My 300 Story

By Gloria Moon

Reprinted from the 1978 Issue of the Chrysler 300 Club News

I had never heard of a Chrysler 300 until I met this guy named Allan. Cars had always been something that you drove, a mechanical thing somewhat like a washing machine. You only noticed it when it stopped working. So I was quite surprised the first time Allan told me, with stars in his eyes and a catch in his throat, about this old white Chrysler. He never talked to me like that. I decided it was a good thing that old white Chrysler was gone or I would have to share his time. After a year or so of hearing these farfetched stories of burning rubber for two blocks, I was lulled into believing that my competition would remain in his memory. Allan – “Hey, did I ever tell you this one about my old 300?” Me – “Ugh, not again!”

Then he drove this thing into my driveway. It was big, black (although really Parade Green) and rusty. The ride was bumpy and noisy. I wasn’t impressed. “So this is the mighty 300.” Privately I said “What a piece of junk.” Allan started his ravings with, “Look at those lines.” Yuck! The Chrysler and I never hit it off. We may have continued that way for years had not the engine died.

Allan had been driving around the city, which for him meant dragging from every red light. At one red light another Chrysler 300-C pulled up. That started a lasting friendship with Gary Hagy. I met Gary and was shocked that there was a nut loose that actually collected these things. When the engine in that black beast died, Gary offered the use of his garage and technical assistance for its repair. Gary’s garage was the worst thing I had ever seen. It was in one of the worst parts of town, virtually no heat, filthy and littered with all these greasy parts. They spent every available night or weekend in February working on the engine of the “old lady,” as I had by now named the car. Now this operation put me in a bind. My old car, a 1966 Volkswagen Beetle, was my pride and joy and my only transportation. I spend a considerable amount of time chauffeuring Allan to his rendezvous with the “old lady.” Since I was there, I was given the job of cleaning parts, buying food, beer, and kerosene (for the heater that didn’t work. The garage was freezing cold!). It was at this point that I started hating Chrysler 300s. before it was just a general dislike, but now I hated that “old lady.” What really clinched it for me was when they used my new little VW to push start that monster. The VW mechanics just couldn’t understand why the clutch went out at 20,000 miles so they gave me a new one.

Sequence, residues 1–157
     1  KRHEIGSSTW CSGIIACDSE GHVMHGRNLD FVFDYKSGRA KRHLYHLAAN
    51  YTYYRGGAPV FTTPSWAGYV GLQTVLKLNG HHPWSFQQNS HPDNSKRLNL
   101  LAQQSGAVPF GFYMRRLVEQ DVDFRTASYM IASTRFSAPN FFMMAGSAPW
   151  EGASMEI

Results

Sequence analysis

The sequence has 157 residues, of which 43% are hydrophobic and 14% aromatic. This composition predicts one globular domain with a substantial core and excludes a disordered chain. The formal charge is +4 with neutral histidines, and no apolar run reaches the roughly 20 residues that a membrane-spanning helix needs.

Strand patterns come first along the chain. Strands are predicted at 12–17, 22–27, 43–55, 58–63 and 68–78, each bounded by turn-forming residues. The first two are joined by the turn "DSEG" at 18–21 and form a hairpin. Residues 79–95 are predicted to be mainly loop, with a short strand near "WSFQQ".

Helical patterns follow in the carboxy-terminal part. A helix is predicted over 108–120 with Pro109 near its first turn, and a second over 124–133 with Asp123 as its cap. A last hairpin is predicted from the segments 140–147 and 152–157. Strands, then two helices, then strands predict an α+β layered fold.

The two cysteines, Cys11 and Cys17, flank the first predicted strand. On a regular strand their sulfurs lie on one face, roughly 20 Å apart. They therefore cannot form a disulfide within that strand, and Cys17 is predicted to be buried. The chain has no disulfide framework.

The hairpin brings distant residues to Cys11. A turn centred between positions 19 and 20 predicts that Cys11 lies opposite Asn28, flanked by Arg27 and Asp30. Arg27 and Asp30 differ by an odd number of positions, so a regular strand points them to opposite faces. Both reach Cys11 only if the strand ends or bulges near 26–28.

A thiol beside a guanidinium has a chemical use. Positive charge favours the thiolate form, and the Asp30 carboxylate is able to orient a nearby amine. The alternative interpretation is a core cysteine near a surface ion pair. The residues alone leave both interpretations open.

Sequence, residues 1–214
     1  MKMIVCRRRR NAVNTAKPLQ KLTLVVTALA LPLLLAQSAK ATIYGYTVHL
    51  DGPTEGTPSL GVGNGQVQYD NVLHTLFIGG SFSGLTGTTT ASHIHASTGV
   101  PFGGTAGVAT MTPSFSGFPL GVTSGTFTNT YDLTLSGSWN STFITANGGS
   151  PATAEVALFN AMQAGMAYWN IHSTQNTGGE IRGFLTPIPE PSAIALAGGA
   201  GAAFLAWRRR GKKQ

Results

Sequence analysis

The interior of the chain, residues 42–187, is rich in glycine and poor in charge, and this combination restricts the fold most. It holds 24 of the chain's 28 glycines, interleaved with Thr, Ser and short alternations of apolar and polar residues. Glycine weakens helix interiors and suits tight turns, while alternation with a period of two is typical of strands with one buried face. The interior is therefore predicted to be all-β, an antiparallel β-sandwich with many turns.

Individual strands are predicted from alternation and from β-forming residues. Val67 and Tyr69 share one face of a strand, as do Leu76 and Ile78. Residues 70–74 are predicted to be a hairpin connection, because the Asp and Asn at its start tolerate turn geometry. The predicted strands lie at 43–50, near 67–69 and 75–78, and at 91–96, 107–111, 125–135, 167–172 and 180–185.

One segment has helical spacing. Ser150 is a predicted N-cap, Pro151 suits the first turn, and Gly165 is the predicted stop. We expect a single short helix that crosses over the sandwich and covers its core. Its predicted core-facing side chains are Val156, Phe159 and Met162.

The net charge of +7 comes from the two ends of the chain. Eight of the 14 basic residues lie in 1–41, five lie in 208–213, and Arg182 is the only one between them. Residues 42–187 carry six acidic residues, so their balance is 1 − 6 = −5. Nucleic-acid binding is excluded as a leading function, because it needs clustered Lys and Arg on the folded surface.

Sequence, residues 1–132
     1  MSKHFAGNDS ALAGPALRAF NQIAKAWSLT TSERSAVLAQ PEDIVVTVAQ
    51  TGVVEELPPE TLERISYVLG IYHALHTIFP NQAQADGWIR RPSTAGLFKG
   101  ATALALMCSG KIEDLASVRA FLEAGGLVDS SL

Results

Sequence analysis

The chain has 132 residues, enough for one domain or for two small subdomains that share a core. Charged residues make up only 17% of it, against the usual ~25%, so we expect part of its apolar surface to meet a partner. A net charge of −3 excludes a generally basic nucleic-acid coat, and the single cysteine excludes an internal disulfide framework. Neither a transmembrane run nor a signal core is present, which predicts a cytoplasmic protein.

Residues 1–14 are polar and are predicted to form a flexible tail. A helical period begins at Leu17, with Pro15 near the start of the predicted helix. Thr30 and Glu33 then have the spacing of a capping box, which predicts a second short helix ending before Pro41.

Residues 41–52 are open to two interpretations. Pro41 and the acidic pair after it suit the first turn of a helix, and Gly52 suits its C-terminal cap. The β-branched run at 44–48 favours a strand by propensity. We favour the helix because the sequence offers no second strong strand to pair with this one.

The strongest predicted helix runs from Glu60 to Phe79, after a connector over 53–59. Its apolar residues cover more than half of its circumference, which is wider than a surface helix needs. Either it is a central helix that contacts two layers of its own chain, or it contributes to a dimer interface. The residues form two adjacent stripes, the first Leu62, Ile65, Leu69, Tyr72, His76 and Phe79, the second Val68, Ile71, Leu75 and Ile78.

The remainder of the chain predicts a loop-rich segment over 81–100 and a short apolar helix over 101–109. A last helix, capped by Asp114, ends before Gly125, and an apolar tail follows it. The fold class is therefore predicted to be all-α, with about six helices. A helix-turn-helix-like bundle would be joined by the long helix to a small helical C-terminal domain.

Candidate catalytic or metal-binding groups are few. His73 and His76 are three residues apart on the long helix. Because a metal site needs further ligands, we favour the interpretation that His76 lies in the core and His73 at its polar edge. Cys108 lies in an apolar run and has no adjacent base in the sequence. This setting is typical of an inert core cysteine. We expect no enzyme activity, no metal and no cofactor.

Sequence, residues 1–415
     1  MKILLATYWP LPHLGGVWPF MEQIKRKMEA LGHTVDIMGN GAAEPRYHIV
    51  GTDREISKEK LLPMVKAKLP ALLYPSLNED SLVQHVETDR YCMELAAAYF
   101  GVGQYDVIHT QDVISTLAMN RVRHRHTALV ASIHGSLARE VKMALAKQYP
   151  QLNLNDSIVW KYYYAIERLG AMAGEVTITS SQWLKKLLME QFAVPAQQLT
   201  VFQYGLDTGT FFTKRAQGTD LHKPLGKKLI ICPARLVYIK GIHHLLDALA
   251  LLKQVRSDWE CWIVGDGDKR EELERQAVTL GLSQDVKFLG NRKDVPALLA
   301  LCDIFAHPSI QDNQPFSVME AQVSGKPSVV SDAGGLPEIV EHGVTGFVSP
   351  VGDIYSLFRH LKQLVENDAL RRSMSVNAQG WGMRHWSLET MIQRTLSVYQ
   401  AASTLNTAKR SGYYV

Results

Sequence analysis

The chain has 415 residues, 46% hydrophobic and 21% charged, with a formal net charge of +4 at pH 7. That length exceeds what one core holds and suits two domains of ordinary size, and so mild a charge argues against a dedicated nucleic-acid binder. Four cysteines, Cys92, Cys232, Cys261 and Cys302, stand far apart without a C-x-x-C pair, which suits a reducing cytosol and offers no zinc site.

During this time at the garage, I not only had to listen to Allan saying “look at those lines,” but I also had to listen to Gary’s stories of the hemi. So I hated the hemi too, whatever a hemi was.

Finally, it was fixed. But the “old lady” was and still is a lemon.

Somewhere in here, Allan and I got married and the “old lady” was put in a garage.

Allan was driving a truck and had been telling me tales of this beautiful Chrysler 300-F he had found in the city. “God another one!” After a few years of hearing about this car, I was shocked when he came home one night and said, “Let’s go.” We were going to look at it. Why? We were going to test drive it. Oh no, not again. However, I was pleasantly surprised to see this shiny, pretty car. It was luxurious too. Found bucket seats! After a year of the garage, I though my technical knowledge had become quite good, so I told Allan rather smugly that the fan belt was squealing, but other than that the car seemed OK. Allan gives me this look, “Those are the tires breaking loose, not the fan belt.” Well, this car is not bad, so after 5 years and one hour, we owned it.

I spent many, many hours cleaning that car. I liked it, but still did not like the black C parked next to it. One day Gary told us about this car Club, the Golden Lions, that was for Chryslers. Allan joined and one sunny morning we set off for a concours they had advertised in Virginia. We were not impressed with the picnicking, umbrellaed, riding boots Rolls Royce set we met. Allan and I are more the beer drinking, pool shooting type. As we were leaving we passed a black 300-G convertible coming the other way. We both turned our cars around and out of the G popped Lew Frazer. Lew said, “Did you know there is a Chrysler 300 Club?” Allan had believed that he and Gary were the only 300 nuts in the world, but now he had found a whole club full of them. He wrote this guy in Michigan right away and joined up .

We washed, polished, waxed and shined that F for a week solid before the Meet. Later, “Hey Allan, look at all those pretty Chryslers.” Yes, my attitude was definitely changing. By this time, I had just taken it for granted the Chrysler 300’s were to be a permanent part of my life and what the hell, if you can’t like ‘em, join ‘em. “Hey Allan, next time you buy a 300, I want it.” He found a 1958 300-D and it was all mine. That day, he drove his F home and I my D. I was getting really hooked. “Hey Allan, I think I’ll join this club too.” Then finally one day I said, “Hey Allan, look at those lines.”